Republican River Water Conservation Board of Directors meeting recap

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From The Yuma Pioneer (Tony Rayl):

The day included presentations on the Colorado Ground Water Management Act, the history and development of Colorado Ground Water Commission rules, distinct rules by ground water management districts, and the new mandatory water metering. And that was just in the morning. Then came the afternoon, featuring a compact accounting update by RRWCD engineer Jim Slattery, State Engineer Dick Wolfe and Assistant State Engineer Mike Sullivan giving an update on getting approval for the proposed pipeline by the Republican River Compact Administration, and RRWCD leaders explaining the district’s current stance in continuing with the pipeline, and why they have done what they have to date.

Colorado invoked fast-track arbitration with fellow compact states Kansas and Nebraska after the RRCA rejected the pipeline on a 1-2 vote last August. It was the second time the RRCA, which consists of the state engineer from each state, rejected Colorado’s proposed pipeline, the first vote coming last April. Wolfe reported Monday that the state still had not selected an arbitrator, which was supposed to have been done two months ago. He later explained Kansas did not want to keep the arbitrator that decided another fast-track arbitration case earlier this year between Kansas and Nebraska. Wolfe said the new finalists all were expensive, particularly with all the states going through budget crunches, and Nebraska wanted to interview all of the finalists in person. He said he had hoped to announce the arbitrator Monday because Nebraska was done with the interviews. However, he had not heard on a final selection before coming to Yuma. When asked about sticking to the fast-track arbitration deadline, Wolfe said Colorado could force the other states to stick to the timeline with the hearings in February, and a final decision in March. However, he left the door open for Colorado allowing a slight extension…

Wolfe revisited the many concerns held by either Kansas or Nebraska in regards to the pipeline. Those include worries Colorado would pump too much one year and then not pump any water into the North Fork in following years, groundwater depletions by the use of the pipeline, the impact depletions could have on the Haigler Ditch in Nebraska, and Kansas’ continued assertion that Colorado must satisfy the South Fork obligations by pumping water into the South Fork, rather than satisfying that by pumping all of the water into the North Fork. Kansas has expressed its wishes that Colorado would extend the pipeline about 15 miles further south to pump water into a South Fork tributary. David Barfield from Kansas has told Colorado his state in theory supports the pipeline, but issues need to be resolved. There is a concern from Colorado’s end about the compact model dictating that groundwater depletions by the pipeline could result in Colorado receiving up to 20 percent less credit. Wolfe said the situation comes down to Kansas and Nebraska being worried they would lose all leverage in future negotiations if they approved the pipeline — even though Colorado has added provisions stating the other two can still seek compensation for past damages, as well as Colorado being obligated to any potential ruling on the sub-basin test…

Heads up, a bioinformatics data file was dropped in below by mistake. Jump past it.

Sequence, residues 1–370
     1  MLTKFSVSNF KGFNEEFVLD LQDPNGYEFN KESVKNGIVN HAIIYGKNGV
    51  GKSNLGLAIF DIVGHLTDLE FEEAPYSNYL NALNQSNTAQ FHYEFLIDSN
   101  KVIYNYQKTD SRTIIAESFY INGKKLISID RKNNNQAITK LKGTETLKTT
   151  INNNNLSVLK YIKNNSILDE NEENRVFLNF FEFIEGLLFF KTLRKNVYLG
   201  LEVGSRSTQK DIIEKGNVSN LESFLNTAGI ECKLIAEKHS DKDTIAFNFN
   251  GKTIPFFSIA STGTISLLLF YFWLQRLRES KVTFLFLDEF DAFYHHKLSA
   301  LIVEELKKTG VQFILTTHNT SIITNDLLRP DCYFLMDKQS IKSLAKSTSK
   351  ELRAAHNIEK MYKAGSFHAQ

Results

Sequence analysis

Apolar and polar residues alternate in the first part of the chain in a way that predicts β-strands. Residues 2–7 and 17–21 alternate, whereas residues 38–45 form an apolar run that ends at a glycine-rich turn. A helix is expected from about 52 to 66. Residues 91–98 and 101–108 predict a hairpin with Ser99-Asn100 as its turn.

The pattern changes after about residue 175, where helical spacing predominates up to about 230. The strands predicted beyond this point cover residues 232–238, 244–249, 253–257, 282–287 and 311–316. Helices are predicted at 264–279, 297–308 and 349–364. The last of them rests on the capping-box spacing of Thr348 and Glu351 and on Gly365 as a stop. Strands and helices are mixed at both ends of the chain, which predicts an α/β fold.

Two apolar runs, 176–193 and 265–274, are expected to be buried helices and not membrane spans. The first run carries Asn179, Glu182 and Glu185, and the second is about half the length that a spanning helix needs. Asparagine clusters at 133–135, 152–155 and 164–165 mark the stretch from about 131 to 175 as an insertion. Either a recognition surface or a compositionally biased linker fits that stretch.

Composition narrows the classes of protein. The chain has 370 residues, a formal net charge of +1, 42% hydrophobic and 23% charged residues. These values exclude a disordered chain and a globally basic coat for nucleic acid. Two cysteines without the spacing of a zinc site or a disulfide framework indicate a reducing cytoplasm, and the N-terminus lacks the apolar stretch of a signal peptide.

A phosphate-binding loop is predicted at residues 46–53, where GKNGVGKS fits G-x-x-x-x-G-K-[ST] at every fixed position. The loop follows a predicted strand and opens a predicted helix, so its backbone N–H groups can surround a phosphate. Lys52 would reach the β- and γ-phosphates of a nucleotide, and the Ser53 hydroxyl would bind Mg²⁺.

David Robbins, legal counsel for the RRWCD, said Monday that when the district was formed earlier this decade, the understanding that removing about 30,000 acres from production would about do it in regards to Colorado coming into compliance, with Mother Nature taking care of the rest. With that in mind, the district immediately began working toward CREP and EQIP programs, which pay producers to turn off their wells — CREP for permanent retirement and EQIP temporary turnoffs of a certain amount of years. Robbins said all along Colorado knew it would eventually have to build a pipeline at some time in the future. However, he said that by 2007 it was clear the well retirements alone would not be enough, and the pipeline needed to be done sooner rather than later. Robbins explained why the RRWCD went ahead with purchasing the water rights earlier this year from the Cure family. The water rights are to 62 wells north of Laird, where a pipeline will be built to discharge the water into the North Fork within a half-mile of the Colorado-Nebraska state line…

He said there are a lot of problems with Kansas’ proposal of extending the pipeline to the South Fork. It would entail putting water into a dry creek bed, where it would then have to travel more than 40 miles getting to the gage in Benkleman…

Slattery, during his presentation, explained the importance of draining Bonny Reservoir to help Colorado come into compliance. It would be eliminate 3,300 acre feet per year currently counted against Colorado due to evaporation and seepage from the reservoir’s water. The figure used to be higher, but the reservoir is now being kept around 10,000 acre feet. In fact, Wolfe said he ordered the release of water from the reservoir again earlier this month, sending water down the South Fork, while also keeping Bonny’s level down. The state engineer said there are a lot of issues surrounding the Bonny situation that have to be worked out with a variety of agencies before it could ever be drained. He said he feels is getting close in coming months to getting all those issues settled…

Slattery’s presentations, letters from Kansas and Nebraska concerning the proposed pipeline, Colorado’s proposed resolutions and other important information concerning the pipeline and Republican River Compact, can be found at www.republicanriver.com.

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